Similar to CRMP1, CRMP4 has one transcript variant encoding a short isoform known as CRMP4a, and a second transcript variant that encodes a long isoform known as CRMP4b. Previous studies have shown that CRMP4a and CRMP4b exhibit opposing functions in neurite outgrowth [6, 19]. Therefore, we hypothesized that CRMP4a and CRMP4b might exhibit opposing functions in regulating gastric cancer cell behavior. Our in vitro and in vivo results confirmed this hypothesis.

Methods

Patients and tissue samples

Thirty gastric cancer patients who underwent curative resection at Zhongnan Hospital of Wuhan University (Wuhan, China) were enrolled in the study. All pathological features were confirmed by experienced pathologists, and none of the patients received pre-operative anti-cancer treatment. Written informed consent for the use of resected tissues and participation in this study was obtained from all patients before surgery. The study was approved by the Institute Research Ethics committee of Zhongnan Hospital of Wuhan University.

Cell lines and culture

The human gastric carcinoma cell lines BGC823, GC9811, HGC-27, MGC803, and NCI-N87as well as the human normal gastric epithelial cell line GES-1 were obtained from the Type Culture Collection of the Chinese Academy of Sciences (Shanghai, China). Cells were cultured in Dulbecco’s modified Eagle’s medium; HyClone, Logan, UT, USA) or RPMI-1640 (HyClone, Logan, UT, USA) containing 10 % fetal bovine serum (Gibco, Logan, UT, USA) and 100 U penicillin and streptomycin at 37 °C in a humidified atmosphere containing 5 % CO2.

Lentivirus package and stable cells construction

The complete open reading frame (ORF) of CRMP4a (NM_001387.2) was amplified by polymerase chain reaction (PCR) using the primer pair 5′-CCGCTCGAG ATGTCCTACCAAGGCAAGAAGAAC-3′ and 5′-ATAAGAATGCGGCCGCTTACTTGTCATC-3′ containing XhoI and BamHI restriction sites within the 5′ and 3′ termini, respectively. CRMP4b shRNA was generated using the following single sequences: 5′-GATCCGAGGTTGGCTCTGACTGTATCAAGAGTACAGTCAGAGCCAACCTCTTTTTTTG-3′ and 5′-AATTCAAAAAAAGAGGTTGGCTCTGACTGTACTCTTGATACAGTCAGAGCCAACCTCG-3′. The amplicon was then inserted into the pLVX-IRES-ZsGreen1 plasmid. pLVX lentiviral particles containing CRMP4a ORF, and CRMP4b shRNA were generated by transiently transfecting 293 T cells. Lentivirus production, concentration, and titration were each performed according to standard procedures. For infection, 2 × 105 MGC803 and BGC823 cells were divided into four groups and subcultured in 6-well culture plates for 24 h prior to transduction. The four groups of cells are as follows: MGC803 cells infected with negative control lentiviral suspension (MGC803-NC); MGC803 cells infected with lentiviral suspension expressing CRMP4a (MGC803-CRMP4a); BGC823 cells infected with negative control lentiviral suspension (BGC823-shNC); and BGC823 cells infected with lentiviral suspension expressing CRMP4b shRNA (BGC823-shCRMP4b). For transduction, the cell culture medium was removed and cells were washed twice with phosphate-buffered saline (PBS). Next, 0.5 mL of lentiviral suspension [1 × 108 IU/mL, multiplicity of infection (MOI) =100] containing 8 μg/mL polybrene was added to the cells. Cells were then incubated at 37 °C overnight. The vector suspension was then aspirated from the cells, and transduced cells were added to 2 mL/flask fresh growth medium. Cells were then incubated at 37 °C in a humidified atmosphere containing 5 % CO2. Growth medium was replaced after 24 h. After allowing cells to incubate for 72 h, MGC803 and BGC823 cells were passaged twice per week with growth medium containing puromycin at a pre-determined dosage to select for cells expressing the transduced vector. Positively screened cell lines were sub-cloned three times using limiting dilution, then cultured in growth medium containing puromycin for one month to generate stable cell lines.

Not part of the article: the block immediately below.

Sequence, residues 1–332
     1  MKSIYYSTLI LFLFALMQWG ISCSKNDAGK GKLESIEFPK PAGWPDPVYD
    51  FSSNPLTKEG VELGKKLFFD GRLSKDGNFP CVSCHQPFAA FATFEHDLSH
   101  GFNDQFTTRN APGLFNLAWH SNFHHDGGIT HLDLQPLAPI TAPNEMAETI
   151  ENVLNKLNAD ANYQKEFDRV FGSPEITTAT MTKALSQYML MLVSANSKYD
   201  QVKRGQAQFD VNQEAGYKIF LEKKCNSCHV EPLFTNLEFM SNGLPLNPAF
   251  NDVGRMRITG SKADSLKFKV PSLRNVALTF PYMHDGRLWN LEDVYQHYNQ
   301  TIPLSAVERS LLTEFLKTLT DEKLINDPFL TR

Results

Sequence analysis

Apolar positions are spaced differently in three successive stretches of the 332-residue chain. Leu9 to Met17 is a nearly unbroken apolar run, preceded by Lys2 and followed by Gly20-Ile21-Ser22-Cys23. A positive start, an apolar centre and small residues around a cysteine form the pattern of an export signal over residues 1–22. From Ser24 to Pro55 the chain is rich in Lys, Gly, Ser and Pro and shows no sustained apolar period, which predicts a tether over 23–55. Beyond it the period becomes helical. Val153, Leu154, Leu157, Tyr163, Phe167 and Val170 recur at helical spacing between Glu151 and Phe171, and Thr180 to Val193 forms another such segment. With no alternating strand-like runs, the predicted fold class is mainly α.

RNA extraction and quantitative real-time PCR (qRT-PCR)

Total RNA was extracted from each MGC803 and BGC823 cell lineusing TRIzol reagent (Invitrogen, Carlsbad, CA, USA) according to the manufacturer’s protocol. RNA was reverse transcribed into cDNA using PrimeScript RT reagent kit with cDNA Eraser (Takara Bio, Dalian, China) in a 20 μL reaction according to the manufacturer’s protocol. Equal amounts of cDNA were used as templates for qRT-PCR to detect the level of CRMP4 and LCRMP4 expression relative to that of 18 s rRNA (endogenous control). mRNA expression was quantitated using an ABI PRISM 7500 Sequence Detection System (Foster City, CA, USA) and SYBR Green qPCR SuperMix (Invitrogen, Carlsbad, CA, USA). For CRMP4a, the forward and reverse primers were CRMP4a-F 5′-CATTCACTCCACCTGATCTC-3′ and CRMP4a-R 5′-CCCTCCTTCTTCTGCTCC-3′, respectively; for CRMP4b, the forward and reverse primers were CRMP4b-F 5′-GAAGACGATCTGCCCGTGTA-3′, CRMP4b-R 5′-AAATCCAGCGTCTTGCTCTC-3′, respectively; for 18 s rRNA, the forward and reverse primers were 18 s rRNA-F 5′-CCTGGATACCGCAGCTAGGA-3′ and 18 s rRNA-R 5′-GCGGCGCAATACGAATGCCCC-3′, respectively. qRT-PCR reactions were performed in duplicate and repeated three times. Fold induction of gene expression was calculated using the 2−ΔΔCT method.